Spoliation after Brookshire Brothers v. Aldridge
By: Kristen Kokenes
Prior to the 2014 case of Brookshire Brothers v. Aldridge, the rules for spoliation of evidence were not completely clear. Generally, courts followed two different frameworks when analyzing spoliation. First, courts followed the concurrence of Justice Baker in Trevino v. Ortega. Brookshire Bros., Ltd. v. Aldridge, 438 S.W.3d 9, 18-19 (Tex. 2014). Under this framework, a party may be entitled to a remedy for spoliation by the opposing party if three elements were satisfied: (1) the spoliating party had a duty to preserve the evidence; (2) the party either negligently or intentionally breached that duty; and (3) the nonspoliating party was prejudiced by the breach. Trevino v. Ortega, 969 S.W.2d 950, 955-958 (Tex. 1998) (Baker, J., concurring).
The second analysis that courts followed focused on when a spoliation instruction was available. Brookshire, 438 S.W.3d at 19. These courts recognized two situations in which a spoliation instruction was appropriate: (1) when a party deliberately destroyed relevant evidence; and (2) when a party failed to produce relevant evidence or failed to explain its nonproduction. Wal-Mart Stores, Inc. v. Johnson, 106 S.W.3d 718, 721 (Tex. 2003). If either of these situations was present, a presumption arose that the evidence was unfavorable to the spoliating party’s case. Id.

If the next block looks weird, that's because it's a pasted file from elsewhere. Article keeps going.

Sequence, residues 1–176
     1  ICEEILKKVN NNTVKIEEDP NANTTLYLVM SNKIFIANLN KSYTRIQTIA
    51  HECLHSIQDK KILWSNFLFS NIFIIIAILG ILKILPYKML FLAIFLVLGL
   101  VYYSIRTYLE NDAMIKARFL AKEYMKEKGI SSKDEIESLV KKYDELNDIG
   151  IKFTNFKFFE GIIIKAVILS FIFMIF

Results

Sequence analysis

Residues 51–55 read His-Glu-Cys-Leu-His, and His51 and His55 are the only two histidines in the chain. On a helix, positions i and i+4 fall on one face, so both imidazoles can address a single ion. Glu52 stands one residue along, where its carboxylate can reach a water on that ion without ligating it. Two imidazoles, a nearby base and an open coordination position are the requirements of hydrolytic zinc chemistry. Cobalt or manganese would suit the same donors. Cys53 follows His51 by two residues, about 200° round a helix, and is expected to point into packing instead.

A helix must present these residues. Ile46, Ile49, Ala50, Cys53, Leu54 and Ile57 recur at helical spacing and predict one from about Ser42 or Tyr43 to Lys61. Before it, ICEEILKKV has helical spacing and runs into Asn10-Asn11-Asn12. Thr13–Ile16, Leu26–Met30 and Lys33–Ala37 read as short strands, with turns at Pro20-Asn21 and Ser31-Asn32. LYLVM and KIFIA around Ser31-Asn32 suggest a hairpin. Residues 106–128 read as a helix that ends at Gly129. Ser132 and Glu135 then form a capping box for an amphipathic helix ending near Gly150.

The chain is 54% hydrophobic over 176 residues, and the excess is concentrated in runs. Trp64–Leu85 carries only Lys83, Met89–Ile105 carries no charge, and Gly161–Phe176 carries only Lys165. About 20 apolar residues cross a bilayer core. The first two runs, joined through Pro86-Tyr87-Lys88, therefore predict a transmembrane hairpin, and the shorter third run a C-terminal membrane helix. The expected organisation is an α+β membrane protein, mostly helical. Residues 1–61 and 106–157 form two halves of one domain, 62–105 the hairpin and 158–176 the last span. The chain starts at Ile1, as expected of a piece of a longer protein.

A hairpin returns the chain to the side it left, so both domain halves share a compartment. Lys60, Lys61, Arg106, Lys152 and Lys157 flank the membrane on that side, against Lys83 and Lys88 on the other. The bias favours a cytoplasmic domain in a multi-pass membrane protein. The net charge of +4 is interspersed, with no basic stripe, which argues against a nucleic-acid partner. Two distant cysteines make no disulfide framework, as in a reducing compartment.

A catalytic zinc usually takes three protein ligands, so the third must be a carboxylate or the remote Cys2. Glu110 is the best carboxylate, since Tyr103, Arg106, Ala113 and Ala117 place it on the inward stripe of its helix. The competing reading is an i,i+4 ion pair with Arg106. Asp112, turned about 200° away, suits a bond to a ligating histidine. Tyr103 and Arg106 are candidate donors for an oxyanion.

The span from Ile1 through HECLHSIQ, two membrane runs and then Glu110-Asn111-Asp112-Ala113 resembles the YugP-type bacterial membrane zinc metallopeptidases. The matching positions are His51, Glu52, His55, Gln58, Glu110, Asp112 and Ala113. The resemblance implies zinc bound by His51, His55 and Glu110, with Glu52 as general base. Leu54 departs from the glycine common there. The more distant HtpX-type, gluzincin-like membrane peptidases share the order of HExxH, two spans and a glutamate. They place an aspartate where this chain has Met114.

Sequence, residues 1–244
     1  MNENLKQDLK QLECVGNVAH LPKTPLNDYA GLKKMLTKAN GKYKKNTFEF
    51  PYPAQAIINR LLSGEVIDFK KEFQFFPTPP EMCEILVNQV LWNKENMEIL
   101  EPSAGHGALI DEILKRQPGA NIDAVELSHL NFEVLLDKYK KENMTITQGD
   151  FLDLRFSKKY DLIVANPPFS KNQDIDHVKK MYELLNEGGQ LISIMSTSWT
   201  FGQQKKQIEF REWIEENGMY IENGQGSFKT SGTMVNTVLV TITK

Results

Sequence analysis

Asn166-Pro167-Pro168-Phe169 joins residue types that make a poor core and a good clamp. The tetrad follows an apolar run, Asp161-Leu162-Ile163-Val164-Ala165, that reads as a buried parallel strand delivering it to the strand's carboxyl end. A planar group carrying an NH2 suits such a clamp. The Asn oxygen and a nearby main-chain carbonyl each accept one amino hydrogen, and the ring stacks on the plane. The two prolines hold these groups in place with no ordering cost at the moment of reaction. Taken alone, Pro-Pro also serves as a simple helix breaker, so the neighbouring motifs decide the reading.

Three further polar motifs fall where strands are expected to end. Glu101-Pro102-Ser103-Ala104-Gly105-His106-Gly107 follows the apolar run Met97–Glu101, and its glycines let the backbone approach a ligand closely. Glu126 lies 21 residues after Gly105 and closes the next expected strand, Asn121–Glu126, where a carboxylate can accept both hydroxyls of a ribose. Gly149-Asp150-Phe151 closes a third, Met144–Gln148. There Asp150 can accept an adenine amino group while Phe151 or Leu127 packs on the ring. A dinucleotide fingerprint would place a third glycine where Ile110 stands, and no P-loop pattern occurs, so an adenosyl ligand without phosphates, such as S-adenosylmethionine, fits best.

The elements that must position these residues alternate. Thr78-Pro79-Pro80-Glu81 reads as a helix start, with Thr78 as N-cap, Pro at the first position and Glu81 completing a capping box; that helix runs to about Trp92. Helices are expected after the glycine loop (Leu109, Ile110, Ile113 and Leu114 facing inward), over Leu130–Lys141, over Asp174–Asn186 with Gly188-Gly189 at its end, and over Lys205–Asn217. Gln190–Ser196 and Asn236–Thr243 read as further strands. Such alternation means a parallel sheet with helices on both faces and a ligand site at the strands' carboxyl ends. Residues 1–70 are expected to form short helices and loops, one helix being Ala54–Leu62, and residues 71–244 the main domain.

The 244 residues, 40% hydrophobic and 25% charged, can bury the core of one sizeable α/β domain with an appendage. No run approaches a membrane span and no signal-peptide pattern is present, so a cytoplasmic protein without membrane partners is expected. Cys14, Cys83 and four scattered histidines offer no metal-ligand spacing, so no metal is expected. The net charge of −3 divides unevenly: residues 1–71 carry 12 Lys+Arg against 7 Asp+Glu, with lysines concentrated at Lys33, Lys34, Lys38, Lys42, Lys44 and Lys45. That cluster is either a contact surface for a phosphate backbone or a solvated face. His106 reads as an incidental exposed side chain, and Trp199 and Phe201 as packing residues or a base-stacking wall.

The Texas Supreme Court had not previously crafted an explicit analysis regarding spoliation and the proper remedy. As a result, the court addressed the correct analysis in 2014 with Brookshire Brothers v. Aldridge. In Brookshire, the Plaintiff slipped and fell at a Brookshire Brothers grocery store. Brookshire, 438 S.W.3d at 15. At the time of the fall, the Plaintiff did not report the fall to the store. Id. However, he went to the emergency room for pain. Id. Six days after the fall, the Plaintiff returned to the store and reported his injuries. Id. The fall was recorded on the store’s surveillance cameras; however, the surveillance video was recorded on a continuous loop and after thirty days, the cameras recorded over prior footage. Id. After the Plaintiff reported the fall, the store manager retained a copy of eight minutes of surveillance video, beginning when the Plaintiff entered the store and ending immediately after the fall. Id.
Nine months later, litigation ensued and the Plaintiff requested over two hours of the surveillance footage. Id. However, Brookshire Brothers was unable to comply with the request because the footage had been recorded over due to the cameras operating on a continuous loop. Id. The Plaintiff argued that the failure to preserve the surveillance footage amounted to spoliation of evidence and moved for a spoliation jury instruction. Id. at 16. The trial court allowed the jury to hear evidence regarding whether Brookshire Brothers had spoliated the video and subsequently submitted a spoliation instruction. Id. The jury found for the Plaintiff and the Court of Appeals affirmed. Id.